Tag Archives: History

MOTTE AND BAILEY: part ye thirde

Previously on Motte and Bailey: Baron Camelotto-Rollovyr explains the mysterious death of the castle jester, with limited assistance from Robert de Milton Keynes, inventor of the Lolle-Catte. Motte and Bailey decide to go to the dungeon to examine the body.

Scene 4: The castle dungeon

Quickly! Everybody search this disproportionately small castle for clues!

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MOTTE AND BAILEY: part ye seconde

Previously on Motte and Bailey: The intrepid duo have arrived at Castle Fillion, home of Baron Camelotto-Rollovyr, in connection with a mysterious death.

Scene 2: At the castle gate

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In Praise of the Arts and Huge Manatees, or, Where’s My Job?

You can't be mad at me for leaving the blog for months, not if I bring you A UNICORN!!!

Absence of evidence is not evidence of absence

– Carl Sagan

Well, HELLO AGAIN, you fabulous unicorns of delight! I have been away from the bloggernet for a while. You might have assumed that I was gone for good, but in actual fact I was just busy slaying the Balrog in the depths of Moria. By ‘Balrog’, I mean ‘thesis’, and by ‘Moria’ I mean ‘the library’. Although both processes may result in an elderly man shouting ‘YOU SHALL NOT PASS!’

Having recently staggered out of the university library after a long imprisonment*, pale and shaking, my thoughts turn once again to the Great Big Real Job In The Sky, to which all good PhD students hope to ascend if they are very good and commit no heinous sins, such as Chicago-style referencing, or citing Wikipedia as a source. Given that I’m in the final year of my socially and culturally invaluable doctorate (snort!), my thoughts have been turning to the GBRJ for some time now. And I conclude, after extensive empirical research, that there is no GBRJ and that all arts and humanities students are doomed – doomed! – to work either in call centres or, if we’re really really lucky, to become hipster baristas at the local artisanal-organic-cooperative coffee place. I’d like to offer a suggested revision to the well-known ‘Kids! Don’t do drugs!’ slogan: KIDS, DON’T DO HISTORY. OR LITERATURE, OR ART, OR PHILOSOPHY. If my predictions for the future are correct (based mostly upon Futurama and old episodes of The Jetsons), we’re all being replaced by robots and the Internet anyway. When machines inevitably rise up against humanity, you’ll find me making a valiant and glorious last stand in a library, fighting off hordes of malevolent Kindles while defiantly yelling out quotations from Pope and Balzac and Waugh. While Dukas’ The Sorcerer’s Apprentice plays in the background. Continue reading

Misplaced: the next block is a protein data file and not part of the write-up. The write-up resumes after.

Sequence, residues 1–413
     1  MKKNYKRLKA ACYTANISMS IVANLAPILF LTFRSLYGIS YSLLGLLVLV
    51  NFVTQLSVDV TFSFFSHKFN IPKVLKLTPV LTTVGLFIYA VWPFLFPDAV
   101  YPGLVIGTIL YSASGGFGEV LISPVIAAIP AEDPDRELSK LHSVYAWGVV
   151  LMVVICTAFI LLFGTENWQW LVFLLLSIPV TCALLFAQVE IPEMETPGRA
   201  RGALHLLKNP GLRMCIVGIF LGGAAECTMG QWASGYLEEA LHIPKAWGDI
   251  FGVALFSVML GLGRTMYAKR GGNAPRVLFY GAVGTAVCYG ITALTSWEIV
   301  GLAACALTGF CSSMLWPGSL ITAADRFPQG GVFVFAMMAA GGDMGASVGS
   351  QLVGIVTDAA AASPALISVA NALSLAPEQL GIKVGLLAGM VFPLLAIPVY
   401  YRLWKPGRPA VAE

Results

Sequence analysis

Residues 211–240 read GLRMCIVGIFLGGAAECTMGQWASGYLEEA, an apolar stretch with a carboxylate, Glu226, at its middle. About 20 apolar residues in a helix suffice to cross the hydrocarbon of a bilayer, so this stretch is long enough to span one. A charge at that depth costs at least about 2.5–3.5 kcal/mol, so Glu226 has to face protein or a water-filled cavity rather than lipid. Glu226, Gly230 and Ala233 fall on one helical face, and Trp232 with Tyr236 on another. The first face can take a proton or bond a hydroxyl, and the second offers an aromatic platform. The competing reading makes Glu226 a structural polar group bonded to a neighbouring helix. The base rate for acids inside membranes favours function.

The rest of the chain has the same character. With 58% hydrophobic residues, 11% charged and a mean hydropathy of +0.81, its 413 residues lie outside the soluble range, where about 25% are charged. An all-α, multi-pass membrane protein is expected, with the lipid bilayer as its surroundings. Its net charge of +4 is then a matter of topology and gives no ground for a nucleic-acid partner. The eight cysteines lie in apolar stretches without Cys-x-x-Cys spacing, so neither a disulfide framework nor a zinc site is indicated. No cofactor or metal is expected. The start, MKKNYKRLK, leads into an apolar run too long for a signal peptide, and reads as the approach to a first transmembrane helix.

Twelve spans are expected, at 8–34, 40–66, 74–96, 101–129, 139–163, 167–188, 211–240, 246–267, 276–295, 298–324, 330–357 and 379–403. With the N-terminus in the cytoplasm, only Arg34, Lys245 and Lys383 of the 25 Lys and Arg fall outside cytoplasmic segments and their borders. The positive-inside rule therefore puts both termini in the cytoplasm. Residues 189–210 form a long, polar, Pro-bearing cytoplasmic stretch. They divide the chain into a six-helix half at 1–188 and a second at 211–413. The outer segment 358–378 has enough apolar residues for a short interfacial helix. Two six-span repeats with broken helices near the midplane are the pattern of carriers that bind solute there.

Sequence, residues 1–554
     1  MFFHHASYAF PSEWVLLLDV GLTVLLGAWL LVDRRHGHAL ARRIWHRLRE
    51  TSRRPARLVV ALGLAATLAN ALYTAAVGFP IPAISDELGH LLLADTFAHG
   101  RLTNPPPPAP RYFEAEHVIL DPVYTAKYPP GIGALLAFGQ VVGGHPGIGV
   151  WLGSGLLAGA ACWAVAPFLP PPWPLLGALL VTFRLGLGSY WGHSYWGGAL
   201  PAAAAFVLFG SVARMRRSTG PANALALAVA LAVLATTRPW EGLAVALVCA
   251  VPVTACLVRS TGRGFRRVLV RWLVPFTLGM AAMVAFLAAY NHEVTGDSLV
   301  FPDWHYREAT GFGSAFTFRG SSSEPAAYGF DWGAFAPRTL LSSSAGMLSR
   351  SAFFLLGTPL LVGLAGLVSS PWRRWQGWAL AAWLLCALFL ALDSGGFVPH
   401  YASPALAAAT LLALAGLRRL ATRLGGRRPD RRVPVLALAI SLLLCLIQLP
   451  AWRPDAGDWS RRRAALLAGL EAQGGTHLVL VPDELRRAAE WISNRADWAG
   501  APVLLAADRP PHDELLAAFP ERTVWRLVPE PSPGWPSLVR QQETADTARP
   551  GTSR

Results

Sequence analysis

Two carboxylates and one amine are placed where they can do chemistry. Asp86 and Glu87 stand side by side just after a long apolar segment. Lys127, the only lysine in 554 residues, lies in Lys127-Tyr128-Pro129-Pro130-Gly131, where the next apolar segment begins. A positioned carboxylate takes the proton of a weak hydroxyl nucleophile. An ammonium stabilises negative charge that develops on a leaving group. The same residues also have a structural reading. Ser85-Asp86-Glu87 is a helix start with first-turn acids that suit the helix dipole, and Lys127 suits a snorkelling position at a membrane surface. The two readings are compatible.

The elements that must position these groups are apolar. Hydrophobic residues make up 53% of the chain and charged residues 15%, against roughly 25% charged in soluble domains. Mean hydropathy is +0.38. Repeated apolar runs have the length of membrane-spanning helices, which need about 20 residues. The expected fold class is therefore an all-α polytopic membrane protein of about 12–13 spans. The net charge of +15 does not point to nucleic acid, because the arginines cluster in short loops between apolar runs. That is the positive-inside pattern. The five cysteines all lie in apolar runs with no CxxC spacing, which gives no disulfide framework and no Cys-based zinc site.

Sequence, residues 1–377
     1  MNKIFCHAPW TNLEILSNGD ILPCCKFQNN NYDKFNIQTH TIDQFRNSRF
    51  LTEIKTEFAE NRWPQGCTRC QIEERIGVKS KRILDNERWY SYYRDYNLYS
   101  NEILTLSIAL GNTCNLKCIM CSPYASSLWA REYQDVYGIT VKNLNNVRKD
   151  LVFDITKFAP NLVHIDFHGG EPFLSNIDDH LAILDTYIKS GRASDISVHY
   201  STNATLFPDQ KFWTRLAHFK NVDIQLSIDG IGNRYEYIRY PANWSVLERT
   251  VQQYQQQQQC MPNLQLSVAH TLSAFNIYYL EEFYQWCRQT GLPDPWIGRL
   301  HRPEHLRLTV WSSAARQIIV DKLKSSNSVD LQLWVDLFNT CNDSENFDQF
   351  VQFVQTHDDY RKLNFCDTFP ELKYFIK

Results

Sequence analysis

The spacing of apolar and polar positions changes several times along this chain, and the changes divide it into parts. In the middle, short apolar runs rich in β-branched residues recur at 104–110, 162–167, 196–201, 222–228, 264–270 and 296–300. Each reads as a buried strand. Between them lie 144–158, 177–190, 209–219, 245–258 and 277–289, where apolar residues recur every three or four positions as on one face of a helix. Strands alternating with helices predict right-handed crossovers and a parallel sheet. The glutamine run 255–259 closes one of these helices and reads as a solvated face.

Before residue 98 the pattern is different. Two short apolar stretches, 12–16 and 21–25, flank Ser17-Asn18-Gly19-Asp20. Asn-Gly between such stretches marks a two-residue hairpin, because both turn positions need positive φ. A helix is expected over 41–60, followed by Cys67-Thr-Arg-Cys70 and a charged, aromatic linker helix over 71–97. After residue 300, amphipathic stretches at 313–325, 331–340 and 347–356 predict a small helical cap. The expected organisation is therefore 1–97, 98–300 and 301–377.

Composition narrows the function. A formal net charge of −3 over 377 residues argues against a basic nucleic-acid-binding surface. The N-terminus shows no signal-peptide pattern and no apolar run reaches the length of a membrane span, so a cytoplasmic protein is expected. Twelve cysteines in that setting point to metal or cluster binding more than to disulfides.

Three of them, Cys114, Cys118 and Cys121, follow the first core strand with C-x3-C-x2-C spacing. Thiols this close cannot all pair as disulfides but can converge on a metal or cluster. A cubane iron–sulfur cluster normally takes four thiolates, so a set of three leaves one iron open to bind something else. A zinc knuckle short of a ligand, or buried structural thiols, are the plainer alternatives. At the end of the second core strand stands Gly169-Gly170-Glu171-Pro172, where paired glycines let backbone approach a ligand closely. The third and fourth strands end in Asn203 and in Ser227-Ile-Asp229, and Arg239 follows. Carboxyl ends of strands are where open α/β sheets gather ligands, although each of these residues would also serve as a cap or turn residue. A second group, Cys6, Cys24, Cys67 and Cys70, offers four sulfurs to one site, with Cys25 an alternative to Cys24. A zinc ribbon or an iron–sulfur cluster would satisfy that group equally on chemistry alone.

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Hot Dead Dudes

I seem to be somewhat addicted to list-making recently. Keeping with the theme of light-hearted posts, I present to you a list of my top historical crushes, or Hot Dead Dudes. Arbitrary and ever-so-slightly shallow, a list of HDD is a must for any heteronormative female history nerd. And remember, ladies – dead dudes can’t dump you!

#1 Camille Desmoulins (1760-1794)

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